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Introduction to Millet for the use of JS v. Woodstock

Millet for the use of JS v. Woodstock
Kirtland Township, Geauga Co., Ohio, Justice of the Peace Court, 20 July 1837
 
Historical Introduction
On 9 March 1837, , a member of the church’s high council in , Ohio, borrowed $1.85 from . The debt was payable when drawn, or upon presentation of the promissory note by the creditor to the debtor. Whether the promissory note reflected a debt for goods or services rendered by Millet to Woodstock or was a sum formally borrowed is unstated. The terms of the note are also absent. Sometime after extending the loan, Millet assigned the note to JS, who, as , sued Woodstock for payment. JS spent much of the summer and fall of 1837 involved in litigation for unpaid debts, likely exacerbated by the financial panic of 1837. Just as several of his creditors took him to court in 1837, JS in turn sought to recoup debts owed to him. As a justice of the peace in Kirtland Township, ordered the constable, Burton H. Phelps, to summon Woodstock to court. Woodstock did not appear, so the court rendered judgment against him. No record of payment is extant.
 
Calendar of Documents
This calendar lists all known documents created by or for the court, whether extant or not. It does not include versions of documents created for other purposes, though those versions may be listed in footnotes. In certain cases, especially in cases concerning unpaid debts, the originating document (promissory note, invoice, etc.) is listed here. Note that documents in the calendar are grouped with their originating court. Where a version of a document was subsequently filed with another court, that version is listed under both courts.
Millet for the use of JS v. Woodstock
Kirtland Township, Geauga Co., Ohio, Justice of the Peace Court, 20 July 1837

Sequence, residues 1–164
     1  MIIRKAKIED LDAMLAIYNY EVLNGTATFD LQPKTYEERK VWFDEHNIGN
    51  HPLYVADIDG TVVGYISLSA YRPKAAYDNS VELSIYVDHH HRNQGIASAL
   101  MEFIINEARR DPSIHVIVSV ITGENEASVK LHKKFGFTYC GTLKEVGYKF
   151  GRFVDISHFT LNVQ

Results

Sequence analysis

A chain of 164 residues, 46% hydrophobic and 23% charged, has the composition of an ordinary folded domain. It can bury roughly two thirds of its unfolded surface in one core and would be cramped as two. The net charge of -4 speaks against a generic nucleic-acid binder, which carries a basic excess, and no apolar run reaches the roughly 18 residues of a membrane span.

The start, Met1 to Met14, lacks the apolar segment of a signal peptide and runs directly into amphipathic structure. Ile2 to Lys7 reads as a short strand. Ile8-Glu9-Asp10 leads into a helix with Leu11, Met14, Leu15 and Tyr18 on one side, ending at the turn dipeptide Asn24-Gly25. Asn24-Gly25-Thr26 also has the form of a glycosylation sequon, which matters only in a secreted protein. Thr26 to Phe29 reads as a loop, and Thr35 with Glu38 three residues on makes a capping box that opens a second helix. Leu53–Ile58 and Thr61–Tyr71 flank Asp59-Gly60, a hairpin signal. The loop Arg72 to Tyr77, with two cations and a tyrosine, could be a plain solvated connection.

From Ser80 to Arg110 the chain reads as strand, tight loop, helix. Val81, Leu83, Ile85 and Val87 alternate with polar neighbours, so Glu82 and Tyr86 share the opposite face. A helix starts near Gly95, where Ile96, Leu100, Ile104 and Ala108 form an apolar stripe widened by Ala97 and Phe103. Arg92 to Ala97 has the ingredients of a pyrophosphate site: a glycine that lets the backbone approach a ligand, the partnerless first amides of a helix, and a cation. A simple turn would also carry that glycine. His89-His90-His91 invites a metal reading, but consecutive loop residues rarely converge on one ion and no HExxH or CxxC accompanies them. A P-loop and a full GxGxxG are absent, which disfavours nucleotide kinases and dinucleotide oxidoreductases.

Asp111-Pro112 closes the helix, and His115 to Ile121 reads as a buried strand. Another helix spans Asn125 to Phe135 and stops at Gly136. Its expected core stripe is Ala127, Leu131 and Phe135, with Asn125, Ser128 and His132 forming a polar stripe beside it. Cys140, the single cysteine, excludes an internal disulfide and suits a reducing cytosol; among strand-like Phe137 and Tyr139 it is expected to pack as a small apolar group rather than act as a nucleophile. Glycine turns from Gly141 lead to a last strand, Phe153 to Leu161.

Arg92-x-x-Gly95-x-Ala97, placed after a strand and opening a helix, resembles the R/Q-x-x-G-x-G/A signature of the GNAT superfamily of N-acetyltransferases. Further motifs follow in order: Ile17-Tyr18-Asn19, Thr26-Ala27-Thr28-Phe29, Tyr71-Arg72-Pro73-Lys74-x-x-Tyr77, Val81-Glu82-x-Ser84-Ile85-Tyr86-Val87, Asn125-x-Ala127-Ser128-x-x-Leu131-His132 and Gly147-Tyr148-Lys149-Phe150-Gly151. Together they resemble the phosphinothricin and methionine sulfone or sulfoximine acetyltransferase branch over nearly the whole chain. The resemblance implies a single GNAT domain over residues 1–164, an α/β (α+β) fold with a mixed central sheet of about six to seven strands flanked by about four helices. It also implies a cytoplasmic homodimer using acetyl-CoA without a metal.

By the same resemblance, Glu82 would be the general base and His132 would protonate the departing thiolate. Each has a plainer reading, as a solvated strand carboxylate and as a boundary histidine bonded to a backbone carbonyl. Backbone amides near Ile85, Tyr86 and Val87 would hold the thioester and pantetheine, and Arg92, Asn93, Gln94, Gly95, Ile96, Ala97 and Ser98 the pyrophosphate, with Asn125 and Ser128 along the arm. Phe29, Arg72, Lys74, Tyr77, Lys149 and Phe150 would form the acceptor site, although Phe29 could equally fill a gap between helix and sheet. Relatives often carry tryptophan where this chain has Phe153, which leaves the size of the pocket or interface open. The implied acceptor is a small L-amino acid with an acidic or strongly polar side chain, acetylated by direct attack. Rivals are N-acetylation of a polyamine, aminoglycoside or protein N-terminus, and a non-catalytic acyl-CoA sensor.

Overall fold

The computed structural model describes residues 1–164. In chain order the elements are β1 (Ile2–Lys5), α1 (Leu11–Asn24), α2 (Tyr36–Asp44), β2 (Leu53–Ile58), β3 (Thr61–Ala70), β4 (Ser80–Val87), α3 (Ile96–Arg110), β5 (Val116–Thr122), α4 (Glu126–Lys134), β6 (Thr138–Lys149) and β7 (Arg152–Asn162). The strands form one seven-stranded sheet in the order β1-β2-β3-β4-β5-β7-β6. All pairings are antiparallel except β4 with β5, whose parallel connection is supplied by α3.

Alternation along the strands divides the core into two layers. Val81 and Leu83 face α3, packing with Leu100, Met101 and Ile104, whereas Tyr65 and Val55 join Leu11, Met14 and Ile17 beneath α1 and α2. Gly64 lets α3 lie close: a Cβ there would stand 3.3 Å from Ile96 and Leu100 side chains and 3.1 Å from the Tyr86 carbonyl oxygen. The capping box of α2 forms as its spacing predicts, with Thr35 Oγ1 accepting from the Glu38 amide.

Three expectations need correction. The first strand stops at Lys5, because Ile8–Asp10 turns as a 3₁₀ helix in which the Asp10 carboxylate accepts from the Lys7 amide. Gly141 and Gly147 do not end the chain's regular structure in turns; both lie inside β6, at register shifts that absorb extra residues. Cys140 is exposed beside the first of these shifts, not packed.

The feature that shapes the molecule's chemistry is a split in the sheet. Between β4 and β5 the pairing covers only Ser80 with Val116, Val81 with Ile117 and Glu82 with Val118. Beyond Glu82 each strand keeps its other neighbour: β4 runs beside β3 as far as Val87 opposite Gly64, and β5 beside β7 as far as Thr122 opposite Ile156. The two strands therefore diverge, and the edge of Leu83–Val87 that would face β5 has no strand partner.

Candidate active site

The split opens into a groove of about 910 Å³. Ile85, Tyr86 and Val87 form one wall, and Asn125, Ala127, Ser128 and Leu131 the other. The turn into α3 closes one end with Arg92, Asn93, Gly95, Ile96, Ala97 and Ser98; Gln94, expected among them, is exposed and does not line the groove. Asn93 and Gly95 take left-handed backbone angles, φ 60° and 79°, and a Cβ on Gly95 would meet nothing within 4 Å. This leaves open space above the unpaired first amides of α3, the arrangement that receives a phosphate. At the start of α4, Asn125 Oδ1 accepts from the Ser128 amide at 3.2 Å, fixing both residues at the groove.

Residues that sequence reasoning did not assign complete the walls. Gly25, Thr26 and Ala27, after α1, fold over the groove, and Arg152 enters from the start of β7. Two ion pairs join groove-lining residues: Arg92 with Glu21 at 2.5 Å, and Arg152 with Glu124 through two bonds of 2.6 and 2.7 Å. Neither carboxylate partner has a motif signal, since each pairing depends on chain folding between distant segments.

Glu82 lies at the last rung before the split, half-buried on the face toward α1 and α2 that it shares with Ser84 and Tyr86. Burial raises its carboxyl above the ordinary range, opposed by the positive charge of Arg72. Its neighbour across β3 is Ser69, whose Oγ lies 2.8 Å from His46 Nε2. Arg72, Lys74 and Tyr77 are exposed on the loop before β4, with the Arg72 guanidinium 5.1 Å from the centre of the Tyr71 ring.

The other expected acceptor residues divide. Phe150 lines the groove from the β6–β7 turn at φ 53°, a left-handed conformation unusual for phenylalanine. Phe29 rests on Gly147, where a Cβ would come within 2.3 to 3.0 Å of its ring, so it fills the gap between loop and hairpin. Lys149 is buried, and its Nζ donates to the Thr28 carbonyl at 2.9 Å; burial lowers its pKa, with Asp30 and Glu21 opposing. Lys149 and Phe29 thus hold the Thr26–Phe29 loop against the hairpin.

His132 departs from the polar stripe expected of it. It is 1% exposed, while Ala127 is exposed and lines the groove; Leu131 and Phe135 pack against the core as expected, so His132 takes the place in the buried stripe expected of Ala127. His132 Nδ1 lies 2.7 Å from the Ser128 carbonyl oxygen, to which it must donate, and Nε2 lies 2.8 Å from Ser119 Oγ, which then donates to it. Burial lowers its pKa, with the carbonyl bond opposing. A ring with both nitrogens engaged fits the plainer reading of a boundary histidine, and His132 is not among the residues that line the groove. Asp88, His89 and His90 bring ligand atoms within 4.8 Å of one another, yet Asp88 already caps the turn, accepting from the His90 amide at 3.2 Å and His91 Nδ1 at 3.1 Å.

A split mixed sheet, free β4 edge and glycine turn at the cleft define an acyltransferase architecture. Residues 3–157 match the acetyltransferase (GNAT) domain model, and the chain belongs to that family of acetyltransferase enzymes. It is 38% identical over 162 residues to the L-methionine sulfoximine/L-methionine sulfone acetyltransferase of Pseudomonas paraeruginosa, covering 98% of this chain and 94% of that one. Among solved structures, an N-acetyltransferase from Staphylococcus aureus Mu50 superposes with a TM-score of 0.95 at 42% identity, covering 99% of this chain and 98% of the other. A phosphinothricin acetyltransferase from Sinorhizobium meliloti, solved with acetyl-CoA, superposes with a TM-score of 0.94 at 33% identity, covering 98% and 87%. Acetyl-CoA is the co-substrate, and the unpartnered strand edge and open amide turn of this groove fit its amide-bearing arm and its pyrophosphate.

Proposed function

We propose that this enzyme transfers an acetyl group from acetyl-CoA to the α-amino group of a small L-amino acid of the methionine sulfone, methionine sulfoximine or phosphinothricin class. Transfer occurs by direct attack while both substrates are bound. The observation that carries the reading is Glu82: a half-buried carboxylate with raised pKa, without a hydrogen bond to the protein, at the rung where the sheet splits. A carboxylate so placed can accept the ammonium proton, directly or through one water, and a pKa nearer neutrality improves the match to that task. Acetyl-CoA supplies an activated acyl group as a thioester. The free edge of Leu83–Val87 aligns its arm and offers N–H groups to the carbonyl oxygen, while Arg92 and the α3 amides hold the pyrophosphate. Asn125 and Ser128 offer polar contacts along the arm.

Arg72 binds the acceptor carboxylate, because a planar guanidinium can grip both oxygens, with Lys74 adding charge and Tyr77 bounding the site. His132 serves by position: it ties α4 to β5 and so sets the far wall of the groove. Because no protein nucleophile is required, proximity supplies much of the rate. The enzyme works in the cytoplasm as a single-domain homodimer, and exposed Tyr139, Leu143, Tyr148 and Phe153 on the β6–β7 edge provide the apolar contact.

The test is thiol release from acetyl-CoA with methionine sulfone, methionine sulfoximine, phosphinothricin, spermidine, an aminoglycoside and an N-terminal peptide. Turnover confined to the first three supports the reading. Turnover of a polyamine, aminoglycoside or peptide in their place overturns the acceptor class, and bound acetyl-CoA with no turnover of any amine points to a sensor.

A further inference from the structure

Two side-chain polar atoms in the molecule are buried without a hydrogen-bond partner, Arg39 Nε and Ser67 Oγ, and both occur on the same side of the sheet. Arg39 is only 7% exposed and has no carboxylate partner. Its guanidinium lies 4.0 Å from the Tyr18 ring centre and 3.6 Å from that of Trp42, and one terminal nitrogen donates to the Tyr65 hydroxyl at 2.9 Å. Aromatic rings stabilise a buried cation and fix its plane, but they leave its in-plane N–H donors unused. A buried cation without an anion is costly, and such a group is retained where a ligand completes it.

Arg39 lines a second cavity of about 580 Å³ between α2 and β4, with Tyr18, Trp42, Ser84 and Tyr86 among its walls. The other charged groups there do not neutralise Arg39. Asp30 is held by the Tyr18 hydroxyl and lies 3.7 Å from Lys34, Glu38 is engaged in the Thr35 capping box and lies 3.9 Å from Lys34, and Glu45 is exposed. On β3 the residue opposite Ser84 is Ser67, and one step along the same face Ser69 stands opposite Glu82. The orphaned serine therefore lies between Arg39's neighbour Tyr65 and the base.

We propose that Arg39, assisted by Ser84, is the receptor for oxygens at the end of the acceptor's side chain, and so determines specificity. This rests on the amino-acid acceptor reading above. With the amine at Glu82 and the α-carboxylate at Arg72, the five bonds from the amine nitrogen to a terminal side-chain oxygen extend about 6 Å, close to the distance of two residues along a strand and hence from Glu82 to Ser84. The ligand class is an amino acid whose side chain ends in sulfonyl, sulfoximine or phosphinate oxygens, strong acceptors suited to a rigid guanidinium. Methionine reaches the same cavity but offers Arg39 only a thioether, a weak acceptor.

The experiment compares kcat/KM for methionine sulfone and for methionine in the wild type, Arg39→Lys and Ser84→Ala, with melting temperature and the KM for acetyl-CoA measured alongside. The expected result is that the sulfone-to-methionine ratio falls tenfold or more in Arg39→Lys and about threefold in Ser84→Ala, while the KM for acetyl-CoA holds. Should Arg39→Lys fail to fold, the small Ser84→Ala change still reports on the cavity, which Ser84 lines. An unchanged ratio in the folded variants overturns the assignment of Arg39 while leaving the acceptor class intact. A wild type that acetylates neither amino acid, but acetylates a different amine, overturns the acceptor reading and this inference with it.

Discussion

Historical Introduction
On 9 March 1837, , a member of the church’s high council in , Ohio, borrowed $1.85 from . The debt was payable when drawn, or upon presentation of the promissory note by the creditor to the debtor. Whether the promissory note reflected a debt for goods or services rendered by Millet to Woodstock or was a sum formally borrowed is unstated. The terms of the note are also absent. Sometime after extending the loan, Millet assigned the note to JS, who, as , sued Woodstock for payment. JS spent much of the summer and fall of 1837 involved in litigation for unpaid debts, likely exacerbated by the financial panic of 1837. Just as several of his creditors took him to court in 1837, JS in turn sought to recoup debts owed to him. As a justice of the peace in Kirtland Township, ordered the constable, Burton H. Phelps, to summon Woodstock to court. Woodstock did not appear, so the court rendered judgment against him. No record of payment is extant.
 
Calendar of Documents
This calendar lists all known documents created by or for the court, whether extant or not. It does not include versions of documents created for other purposes, though those versions may be listed in footnotes. In certain cases, especially in cases concerning unpaid debts, the originating document (promissory note, invoice, etc.) is listed here. Note that documents in the calendar are grouped with their originating court. Where a version of a document was subsequently filed with another court, that version is listed under both courts.
 
 
Millet for the use of JS v. Woodstock, Justice of the Peace Court